“Australia happens to be the only developed country where retirement money, superannuation money, can very easily be invested into cryptocurrencies,” Zebpay crypto exchange CEO Ajeet Khurana told a Financial Review reporter recently.
Zebpay, a cryptocurrency exchange, announced last year that it was shutting down in response to harsh regulatory climes in India, but then it popped back up again in Malta before opening offices in Singapore and now Australia.
The company appears to have been attracted in part by Australia’s “SMSF” (Self-Managed Superannuation Fund) program, which allows individuals to customize and manage their own retirement funds.
Setting up and maintaining an SMSF is complicated, however, and their existence has spawned a cottage industry of “superfund professionals” to help with set up, maintenance and reporting.
Zebpay is not the only one courting in Australia’s $746 billion AUD SMSF market.
Crypto industry advocates are also on the SMSF bandwagon.
According to Financial Review, the Bitcoin Australia website states:
“(O)nce you have an SMSF, you can decide how much you would like to invest in crypto. This can be as little as 1 per cent or as much as 100 per cent of your super – it’s completely up to you.”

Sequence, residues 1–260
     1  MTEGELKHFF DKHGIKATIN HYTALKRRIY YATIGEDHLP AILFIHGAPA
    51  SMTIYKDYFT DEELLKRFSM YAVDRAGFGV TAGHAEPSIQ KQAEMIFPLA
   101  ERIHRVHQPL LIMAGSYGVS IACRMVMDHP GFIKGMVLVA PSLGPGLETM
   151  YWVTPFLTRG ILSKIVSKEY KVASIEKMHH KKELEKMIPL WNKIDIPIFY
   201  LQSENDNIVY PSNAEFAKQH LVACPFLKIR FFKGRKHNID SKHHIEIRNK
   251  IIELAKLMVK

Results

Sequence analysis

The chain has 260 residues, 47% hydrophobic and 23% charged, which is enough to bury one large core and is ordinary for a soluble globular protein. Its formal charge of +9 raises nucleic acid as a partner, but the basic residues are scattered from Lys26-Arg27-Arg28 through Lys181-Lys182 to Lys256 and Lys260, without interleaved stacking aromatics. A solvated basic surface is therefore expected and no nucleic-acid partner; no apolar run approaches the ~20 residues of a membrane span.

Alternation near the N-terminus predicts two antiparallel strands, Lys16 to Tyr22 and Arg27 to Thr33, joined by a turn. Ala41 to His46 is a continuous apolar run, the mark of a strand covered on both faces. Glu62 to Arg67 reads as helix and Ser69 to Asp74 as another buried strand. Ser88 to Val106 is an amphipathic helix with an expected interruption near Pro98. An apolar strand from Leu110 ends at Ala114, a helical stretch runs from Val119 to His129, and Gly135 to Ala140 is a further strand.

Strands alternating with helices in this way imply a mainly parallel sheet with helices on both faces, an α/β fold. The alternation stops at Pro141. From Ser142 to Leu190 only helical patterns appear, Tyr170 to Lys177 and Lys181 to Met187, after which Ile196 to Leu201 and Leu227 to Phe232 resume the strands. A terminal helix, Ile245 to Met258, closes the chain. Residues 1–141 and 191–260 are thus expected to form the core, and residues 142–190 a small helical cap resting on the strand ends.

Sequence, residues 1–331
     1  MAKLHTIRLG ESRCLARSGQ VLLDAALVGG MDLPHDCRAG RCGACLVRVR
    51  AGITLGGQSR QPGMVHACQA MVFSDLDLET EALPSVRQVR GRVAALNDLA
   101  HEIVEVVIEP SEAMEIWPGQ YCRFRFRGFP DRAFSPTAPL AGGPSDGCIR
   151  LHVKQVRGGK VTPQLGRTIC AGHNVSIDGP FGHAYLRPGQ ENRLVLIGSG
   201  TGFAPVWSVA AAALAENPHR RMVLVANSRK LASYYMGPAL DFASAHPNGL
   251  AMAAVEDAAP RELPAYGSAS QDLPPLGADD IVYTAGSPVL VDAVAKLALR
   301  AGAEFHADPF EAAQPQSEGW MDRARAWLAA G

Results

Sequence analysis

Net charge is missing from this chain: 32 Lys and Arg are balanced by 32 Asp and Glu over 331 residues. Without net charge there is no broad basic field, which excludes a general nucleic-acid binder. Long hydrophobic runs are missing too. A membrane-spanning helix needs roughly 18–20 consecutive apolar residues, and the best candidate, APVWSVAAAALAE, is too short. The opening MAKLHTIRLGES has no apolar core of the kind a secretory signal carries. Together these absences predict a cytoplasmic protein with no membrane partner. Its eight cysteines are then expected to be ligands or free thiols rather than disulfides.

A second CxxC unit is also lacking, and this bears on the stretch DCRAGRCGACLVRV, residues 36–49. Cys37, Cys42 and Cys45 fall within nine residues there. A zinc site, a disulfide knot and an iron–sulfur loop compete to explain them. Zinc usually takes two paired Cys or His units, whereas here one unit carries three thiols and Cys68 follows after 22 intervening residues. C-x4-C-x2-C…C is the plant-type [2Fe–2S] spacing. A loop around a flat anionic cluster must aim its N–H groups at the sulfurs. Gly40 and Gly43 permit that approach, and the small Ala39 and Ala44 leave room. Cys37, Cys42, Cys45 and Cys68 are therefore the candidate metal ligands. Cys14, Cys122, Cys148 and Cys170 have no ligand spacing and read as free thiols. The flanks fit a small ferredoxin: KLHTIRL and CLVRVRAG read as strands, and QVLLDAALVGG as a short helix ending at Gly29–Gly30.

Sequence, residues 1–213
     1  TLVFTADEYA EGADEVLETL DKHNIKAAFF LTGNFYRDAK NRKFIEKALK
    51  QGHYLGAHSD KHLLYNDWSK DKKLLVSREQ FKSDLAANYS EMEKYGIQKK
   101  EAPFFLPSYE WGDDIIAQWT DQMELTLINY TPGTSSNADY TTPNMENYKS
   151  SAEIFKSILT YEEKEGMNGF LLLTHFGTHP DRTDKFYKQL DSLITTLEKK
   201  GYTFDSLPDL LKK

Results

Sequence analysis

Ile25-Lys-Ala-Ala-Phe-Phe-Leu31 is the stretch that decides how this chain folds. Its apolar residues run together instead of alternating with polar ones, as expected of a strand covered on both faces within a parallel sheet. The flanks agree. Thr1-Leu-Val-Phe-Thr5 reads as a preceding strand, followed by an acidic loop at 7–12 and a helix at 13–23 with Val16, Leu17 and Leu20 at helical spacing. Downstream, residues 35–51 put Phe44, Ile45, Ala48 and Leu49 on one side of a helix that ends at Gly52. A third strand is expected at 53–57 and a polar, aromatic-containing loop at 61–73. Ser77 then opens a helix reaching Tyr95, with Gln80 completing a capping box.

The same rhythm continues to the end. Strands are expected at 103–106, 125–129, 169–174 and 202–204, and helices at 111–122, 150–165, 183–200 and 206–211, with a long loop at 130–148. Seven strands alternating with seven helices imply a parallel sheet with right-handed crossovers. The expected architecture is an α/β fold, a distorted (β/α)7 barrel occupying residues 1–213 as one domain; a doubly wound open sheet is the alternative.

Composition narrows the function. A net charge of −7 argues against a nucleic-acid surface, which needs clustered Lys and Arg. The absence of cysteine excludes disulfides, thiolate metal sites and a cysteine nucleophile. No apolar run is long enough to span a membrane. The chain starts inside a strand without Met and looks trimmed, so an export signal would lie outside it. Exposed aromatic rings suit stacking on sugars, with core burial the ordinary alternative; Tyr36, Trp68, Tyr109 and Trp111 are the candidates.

The Australian Securities and Investments Commission (ASIC), on the other hand, has been warning the public to, “be wary of services offering to establish an SMSF for you in order to gain exposure to cryptocurrencies.”
People running their own SMSFs in Australia are required to submit investment plans, and the Australian Tax Authority (ATO) has reportedly been sending letters to SMSFs with more than 90% of savings tied up a single asset.
According to an ATO spokesperson, “We have already seen two instances of SMSFs losing significant amounts of their retirement savings through investment in cryptocurrency.”
In July, 7News reported that an Australian couple in the 70’s lost their entire retirement savings -$900 000 AUD- in a cryptocurrency scam.
“That was the whole of our superannuation – That’s now gone,” Mike Taylor told the outlet. Mike and his wife Karen have both now returned to work.
Khurana reportedly acknowledges that there are regulatory, technological and market risks involved in cryptocurrency investing, but was relatively vague:
“In my personal assessment, and I’m not a financial adviser, I would classify it at a higher level of risk than equities but not comparable to financial derivatives…So somewhere in between those two.”
ASIC is urging people managing their own retirement funds to be very careful:
“Not only does operating an SMSF involve significant time, skills and responsibility, you may also be putting your retirement savings at risk.”